My OpenGL app uses OpenGL to render a texture in full screen and updates part of it at regular intervals. So far, I've been using glTexImage2D to push my initial texture and then I update the dirty regions with glTexSubImage2D. To do that, I'm using single buffering. This works well.

I've seen that there might be another way to achieve the same thing using CVOpenGLESTextureCache. The textures held in the texture cache reference a CVPixelBuffer. I'd like to know if I can mutate these cached textures. I tried to recreate a CVOpenGLESTexture for each update but this decreases my frame rate dramatically (not surprising after all since I'm not specifying the dirty region anywhere). Maybe I totally misunderstood the use case for this texture cache.

Can someone provide some guidance?

UPDATE: Here is the code I'm using. The first update works fine. The subsequent updates don't (nothing happens). Between each update I modify the raw bitmap.

if (firstUpdate) {

    CVReturn err = CVOpenGLESTextureCacheCreate(kCFAllocatorDefault, NULL, ctx, NULL, &texCache);

    CVPixelBufferRef pixelBuffer;
    CVPixelBufferCreateWithBytes(NULL, width_, height_, kCVPixelFormatType_32BGRA, bitmap, width_*4, NULL, 0, NULL, &pixelBuffer);
    CVPixelBufferLockBaseAddress(pixelBuffer, 0);

    CVOpenGLESTextureRef texture = NULL;
    CVOpenGLESTextureCacheCreateTextureFromImage(kCFAllocatorDefault, texCache, pixelBuffer, NULL, GL_TEXTURE_2D, GL_RGBA, width_, height_, GL_BGRA, GL_UNSIGNED_BYTE, 0, &texture);

    texture_[0] = CVOpenGLESTextureGetName(texture);

    CVPixelBufferUnlockBaseAddress(pixelBuffer, 0);

CVOpenGLESTextureCacheFlush(texCache, 0);

if (firstUpdate) {
    glBindTexture(GL_TEXTURE_2D, texture_[0]);



if (firstUpdate) {
    static const float textureVertices[] = {
        -1.0, -1.0,
        1.0, -1.0,
        -1.0, 1.0,
        1.0, 1.0

    static const float textureCoords[] = {
        0.0, 0.0,
        1.0, 0.0,
        0.0, 1.0,
        1.0, 1.0

    glVertexPointer(2, GL_FLOAT, 0, &textureVertices[0]);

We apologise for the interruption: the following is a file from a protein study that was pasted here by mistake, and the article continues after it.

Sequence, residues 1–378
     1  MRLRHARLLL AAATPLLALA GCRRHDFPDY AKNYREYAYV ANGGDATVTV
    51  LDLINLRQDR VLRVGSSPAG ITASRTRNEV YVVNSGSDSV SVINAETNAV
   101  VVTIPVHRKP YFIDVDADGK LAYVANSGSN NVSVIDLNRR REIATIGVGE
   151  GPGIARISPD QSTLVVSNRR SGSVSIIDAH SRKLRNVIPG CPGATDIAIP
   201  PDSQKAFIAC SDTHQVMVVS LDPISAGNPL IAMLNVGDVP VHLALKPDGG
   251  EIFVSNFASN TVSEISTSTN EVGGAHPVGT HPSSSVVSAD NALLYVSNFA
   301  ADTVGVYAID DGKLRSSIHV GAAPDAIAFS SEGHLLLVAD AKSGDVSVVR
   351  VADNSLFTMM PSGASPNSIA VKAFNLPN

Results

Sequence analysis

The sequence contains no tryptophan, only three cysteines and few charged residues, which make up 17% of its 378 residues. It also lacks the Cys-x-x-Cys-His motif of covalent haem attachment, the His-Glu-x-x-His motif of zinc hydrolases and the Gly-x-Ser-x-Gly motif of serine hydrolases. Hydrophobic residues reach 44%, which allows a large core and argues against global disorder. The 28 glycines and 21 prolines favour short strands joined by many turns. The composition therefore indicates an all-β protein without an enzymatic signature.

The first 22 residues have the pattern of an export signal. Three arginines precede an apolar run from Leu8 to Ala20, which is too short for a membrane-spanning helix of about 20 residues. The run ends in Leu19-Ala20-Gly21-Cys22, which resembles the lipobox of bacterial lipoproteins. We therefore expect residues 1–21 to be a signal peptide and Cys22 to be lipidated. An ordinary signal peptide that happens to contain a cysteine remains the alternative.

glTexCoordPointer(2, GL_FLOAT, 0, textureCoords);

glDrawArrays(GL_TRIANGLE_STRIP, 0, 4);


firstUpdate = false;
  • Yeah, you really don't want to recreate the cached texture or pixel buffer for each update, but instead create it once and reuse it for your updates. There's some overhead in the creation of this pixel buffer and texture. Once you have that texture, you should be able to update it by writing to the pixel buffer's bytes, because those should be directly mapped to the texture's internal bytes. – Brad Larson Oct 10 '12 at 16:01
  • That's what I thought but couldn't get that working... I managed to push my initial texture to the screen by wrapping my bitmap in a pixel buffer. I then retain the texture cache, the texture itself, and the pixel buffer. Next thing I do is to update my underlying bitmap and redraw my OpenGL quad. However, nothing happened... – user1727274 Oct 10 '12 at 17:06
  • I have tested every variation I can think of and I have found the same results as you on Sim, iPhone4, and an iPad2. It does not seem to matter if CVPixelBufferCreate() or CVPixelBufferCreateWithBytes() is used to create the cv buffer. Calling CVPixelBufferCreateWithBytes will upload 1 frame (the initial state of the user buffer), but writing to the mapped data memory has no effect. I actually found that if you delete and recreate the texture on every frame, the CVOpenGLESTextureCacheCreateTextureFromImage() API just ends up spending all its time in glTexImage2D_Exec doing the upload. – MoDJ Aug 3 '13 at 8:31

I have been doing quite a bit of hacking with these texture APIs and I finally was able to produce a working example of writing to a texture via memory using the texture cache API. These APIs work on the iOS device but not on the simulator, so a special workaround was needed (basically just calling glTexSubImage2D() explicitly in the simulator). The code needed to double buffer the texture loading done in another thread to avoid updating while rendering was going on. The full source code and timing results are at opengl_write_texture_cache. The linked Xcode project decodes from PNGs and the performance on older iPhone hardware is a little poor as a result. But the code is free to do whatever you want with, so it should not be hard to adapt to some other pixel source. To only write a dirty region, only write to that portion of the memory buffer in the background thread.

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